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There were a few Red-throated Divers and flocks of white-necked G C Grebes, at the end of one of which was a smaller grebe. This remained the subject of we-should-of-brang-a-scope controversy until it paddled so close that its identity was confirmed as Black-necked. All the time we scrutinised it, hurtling Gannets provided a distracting backdrop.

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Day of the Dead: b the Old Lifeboat House we warmed the freshly-installed bench dedicated to Jimper Sutton, narrator, author & subject of many stories, a man of many parts. I taught two of his children at Winchelsea where, for a time, he was the school’s football coach. While visiting teams were accompanied by young teachers in shell-suits, Jimper clumped along the tough-line in fishing gear and wellies, roaring encouragement in local style.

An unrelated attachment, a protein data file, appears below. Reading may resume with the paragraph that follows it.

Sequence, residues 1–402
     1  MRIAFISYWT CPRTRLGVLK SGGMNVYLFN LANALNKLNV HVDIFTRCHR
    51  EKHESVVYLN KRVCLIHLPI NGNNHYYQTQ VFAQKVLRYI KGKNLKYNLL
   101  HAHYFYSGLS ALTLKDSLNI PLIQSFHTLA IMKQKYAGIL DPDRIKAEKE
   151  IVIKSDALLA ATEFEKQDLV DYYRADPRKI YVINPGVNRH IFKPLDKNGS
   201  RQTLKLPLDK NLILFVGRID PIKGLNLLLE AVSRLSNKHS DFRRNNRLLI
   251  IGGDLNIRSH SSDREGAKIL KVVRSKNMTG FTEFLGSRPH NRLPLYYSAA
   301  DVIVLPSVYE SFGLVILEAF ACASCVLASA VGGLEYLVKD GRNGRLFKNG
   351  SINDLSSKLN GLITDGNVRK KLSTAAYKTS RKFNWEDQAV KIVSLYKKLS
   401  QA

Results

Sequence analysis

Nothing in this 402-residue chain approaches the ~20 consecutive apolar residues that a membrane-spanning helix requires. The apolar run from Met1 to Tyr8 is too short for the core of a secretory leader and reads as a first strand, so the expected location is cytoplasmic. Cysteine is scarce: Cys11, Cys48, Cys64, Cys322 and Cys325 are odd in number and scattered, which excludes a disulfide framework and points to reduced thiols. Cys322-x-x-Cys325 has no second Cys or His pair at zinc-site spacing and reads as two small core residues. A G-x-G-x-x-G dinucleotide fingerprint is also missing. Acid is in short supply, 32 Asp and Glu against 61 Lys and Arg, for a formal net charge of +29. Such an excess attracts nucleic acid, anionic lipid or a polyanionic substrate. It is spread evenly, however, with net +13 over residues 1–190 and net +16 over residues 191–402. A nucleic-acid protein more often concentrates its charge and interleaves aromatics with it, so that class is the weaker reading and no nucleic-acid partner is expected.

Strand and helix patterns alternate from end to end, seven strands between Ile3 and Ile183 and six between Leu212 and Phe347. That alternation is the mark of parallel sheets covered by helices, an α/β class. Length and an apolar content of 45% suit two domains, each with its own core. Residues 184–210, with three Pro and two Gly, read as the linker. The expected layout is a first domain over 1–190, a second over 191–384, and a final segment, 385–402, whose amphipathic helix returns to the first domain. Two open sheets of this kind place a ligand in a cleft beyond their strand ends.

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Following a fortifying Chilli con Carne on a Bed of Fries at the Norman the Conqueror (as someone calls it in an online review), we called in on the recently established little group of Common Seals alongside the Rother. As I watched them lolling about on the mud, I wondered whether I should lay off the pub lunches for a bit…..

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Ah yes, in the walk from Cliff End to Rye Harbour & Castle Water, we saw 88 species